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Martin Guitar Kit Construction


The Unpacked Kit
Ribbon Lining
End-Piece Set
Guitar Top
Top Bracing
Guitar Back
Back Bracing
Attaching the Back
Attaching the Top
Edge Bindings
Fitting the Neck
Truss Rod
Fitting the Nut
Grain Filling
Attaching the Neck
Attaching the Bridge
Saddle and Nut
It's Done!

Starting in October of 1998, I began construction of a guitar kit purchased from Martin Guitar company. I've always been interested in building a guitar, and decided that this would be a good introduction to the process. Kits from Martin come with most of the materials pre-cut and shaped; the bulk of the work is in assembly, not unlike a plastic model kit. The directions in the kit are at best terse, so I took the time to skim two books on guitar making. The first was Steel String Guitar Construction by Irving Sloane. The second is Guitar Making Tradition and Technology, by William R. Cumpiano and Jonathan D. Natelson. Both were useful, as each author has their own preferred method of performing particular tasks. The mold and cam operated clamps that you will see in some of the photographs were described in the Sloane book, and he provided plans for constructing the clamps, which, given that you need several, was more cost effective than purchasing ready-made clamps.  Other items, like the lacquer used to finish the guitar, and high-grit sand papers (1000 grit and up) were obtained from the Stewart-MacDonald guitar shop, a well-stocked luthier supply mail-order company.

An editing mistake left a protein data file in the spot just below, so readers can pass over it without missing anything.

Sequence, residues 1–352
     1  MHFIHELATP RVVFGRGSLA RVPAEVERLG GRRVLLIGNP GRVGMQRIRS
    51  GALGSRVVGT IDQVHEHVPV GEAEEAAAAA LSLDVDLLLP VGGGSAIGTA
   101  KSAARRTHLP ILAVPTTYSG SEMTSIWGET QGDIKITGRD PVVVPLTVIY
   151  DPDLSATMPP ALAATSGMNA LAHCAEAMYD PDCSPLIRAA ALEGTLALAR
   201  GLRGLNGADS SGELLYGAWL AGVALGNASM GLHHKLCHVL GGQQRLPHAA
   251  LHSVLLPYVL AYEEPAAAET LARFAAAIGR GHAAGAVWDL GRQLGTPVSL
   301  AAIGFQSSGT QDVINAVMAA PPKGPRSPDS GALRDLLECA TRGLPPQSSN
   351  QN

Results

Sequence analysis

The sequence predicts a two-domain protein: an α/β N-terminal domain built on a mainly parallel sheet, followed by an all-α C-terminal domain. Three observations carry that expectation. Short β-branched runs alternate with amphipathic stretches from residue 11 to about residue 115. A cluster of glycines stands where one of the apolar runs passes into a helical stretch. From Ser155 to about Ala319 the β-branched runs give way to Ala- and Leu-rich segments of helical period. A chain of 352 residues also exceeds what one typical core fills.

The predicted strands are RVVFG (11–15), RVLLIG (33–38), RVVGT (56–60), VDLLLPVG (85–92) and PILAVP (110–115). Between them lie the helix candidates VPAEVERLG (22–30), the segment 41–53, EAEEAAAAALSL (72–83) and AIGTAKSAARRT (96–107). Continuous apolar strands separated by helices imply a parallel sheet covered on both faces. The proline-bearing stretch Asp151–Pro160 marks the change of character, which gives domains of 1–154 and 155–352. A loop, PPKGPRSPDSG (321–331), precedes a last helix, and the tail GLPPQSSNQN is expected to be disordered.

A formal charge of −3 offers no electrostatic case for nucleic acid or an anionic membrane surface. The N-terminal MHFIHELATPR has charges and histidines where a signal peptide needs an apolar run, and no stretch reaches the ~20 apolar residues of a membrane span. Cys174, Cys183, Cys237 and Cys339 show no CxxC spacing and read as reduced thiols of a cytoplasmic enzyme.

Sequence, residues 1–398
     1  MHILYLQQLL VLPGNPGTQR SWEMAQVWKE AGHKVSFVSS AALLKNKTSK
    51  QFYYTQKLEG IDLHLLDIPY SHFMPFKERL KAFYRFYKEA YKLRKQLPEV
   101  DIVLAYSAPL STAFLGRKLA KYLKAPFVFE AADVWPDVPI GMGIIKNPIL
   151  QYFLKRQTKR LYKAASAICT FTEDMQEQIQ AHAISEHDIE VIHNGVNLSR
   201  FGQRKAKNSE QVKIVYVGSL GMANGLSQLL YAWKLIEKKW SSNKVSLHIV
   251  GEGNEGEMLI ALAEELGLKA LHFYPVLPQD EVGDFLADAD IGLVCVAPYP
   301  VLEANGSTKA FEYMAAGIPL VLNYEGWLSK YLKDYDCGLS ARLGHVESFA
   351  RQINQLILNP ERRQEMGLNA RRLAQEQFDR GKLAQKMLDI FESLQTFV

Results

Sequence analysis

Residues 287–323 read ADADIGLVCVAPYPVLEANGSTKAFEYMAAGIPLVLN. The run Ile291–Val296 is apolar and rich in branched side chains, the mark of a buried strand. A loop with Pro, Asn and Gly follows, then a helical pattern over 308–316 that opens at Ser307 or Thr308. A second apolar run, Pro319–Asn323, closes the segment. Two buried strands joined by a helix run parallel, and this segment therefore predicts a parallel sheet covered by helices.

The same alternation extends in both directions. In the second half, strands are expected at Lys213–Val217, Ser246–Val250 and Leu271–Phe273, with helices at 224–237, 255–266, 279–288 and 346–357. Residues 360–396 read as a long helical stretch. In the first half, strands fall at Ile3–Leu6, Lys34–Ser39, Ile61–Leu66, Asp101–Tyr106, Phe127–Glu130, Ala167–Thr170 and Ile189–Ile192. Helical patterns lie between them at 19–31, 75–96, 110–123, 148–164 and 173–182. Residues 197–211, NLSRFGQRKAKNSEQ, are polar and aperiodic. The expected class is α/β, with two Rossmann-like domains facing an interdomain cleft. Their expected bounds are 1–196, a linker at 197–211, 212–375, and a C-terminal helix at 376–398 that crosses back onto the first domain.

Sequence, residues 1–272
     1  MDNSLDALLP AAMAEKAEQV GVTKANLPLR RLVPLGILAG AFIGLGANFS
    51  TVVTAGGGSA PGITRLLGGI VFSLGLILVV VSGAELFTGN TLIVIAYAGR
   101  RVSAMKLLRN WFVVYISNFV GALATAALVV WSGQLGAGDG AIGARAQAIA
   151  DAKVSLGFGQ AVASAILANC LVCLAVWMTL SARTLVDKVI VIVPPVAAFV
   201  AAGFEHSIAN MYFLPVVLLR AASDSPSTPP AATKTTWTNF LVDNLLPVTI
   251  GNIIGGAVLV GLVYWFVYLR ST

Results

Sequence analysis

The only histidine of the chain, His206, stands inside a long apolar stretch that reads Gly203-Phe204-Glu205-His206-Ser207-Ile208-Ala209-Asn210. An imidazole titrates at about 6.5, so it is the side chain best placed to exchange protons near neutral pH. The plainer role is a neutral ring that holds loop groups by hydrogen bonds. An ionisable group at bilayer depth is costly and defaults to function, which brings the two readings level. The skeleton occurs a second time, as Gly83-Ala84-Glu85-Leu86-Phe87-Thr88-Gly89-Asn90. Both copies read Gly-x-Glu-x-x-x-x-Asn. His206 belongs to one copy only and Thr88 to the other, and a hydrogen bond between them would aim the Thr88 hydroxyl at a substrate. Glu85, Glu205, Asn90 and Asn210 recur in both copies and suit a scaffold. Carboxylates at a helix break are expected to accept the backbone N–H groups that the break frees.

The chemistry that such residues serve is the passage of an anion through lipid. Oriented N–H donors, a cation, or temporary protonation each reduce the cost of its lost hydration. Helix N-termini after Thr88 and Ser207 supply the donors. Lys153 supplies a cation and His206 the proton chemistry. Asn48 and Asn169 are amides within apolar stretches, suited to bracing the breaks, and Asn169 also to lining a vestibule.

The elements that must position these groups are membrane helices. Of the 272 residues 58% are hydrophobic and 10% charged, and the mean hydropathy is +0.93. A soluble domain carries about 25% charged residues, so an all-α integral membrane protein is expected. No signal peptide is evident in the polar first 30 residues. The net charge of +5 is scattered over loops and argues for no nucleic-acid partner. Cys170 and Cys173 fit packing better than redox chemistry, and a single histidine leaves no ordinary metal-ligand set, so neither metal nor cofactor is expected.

Building the guitar kit has been a lot of fun! The purpose of this web site is to give interested persons an idea of what goes into building a guitar kit. If you have any questions about the process, please feel free to e-mail me.

Giving credit where credit is due, it should be noted that most of the work done on this guitar was performed under the supervision of Bengal, a guitar connoisseur. She finds the high "E" string particularly tasty.

I hope you find the rest of the site useful!

               - Jim Kumorek

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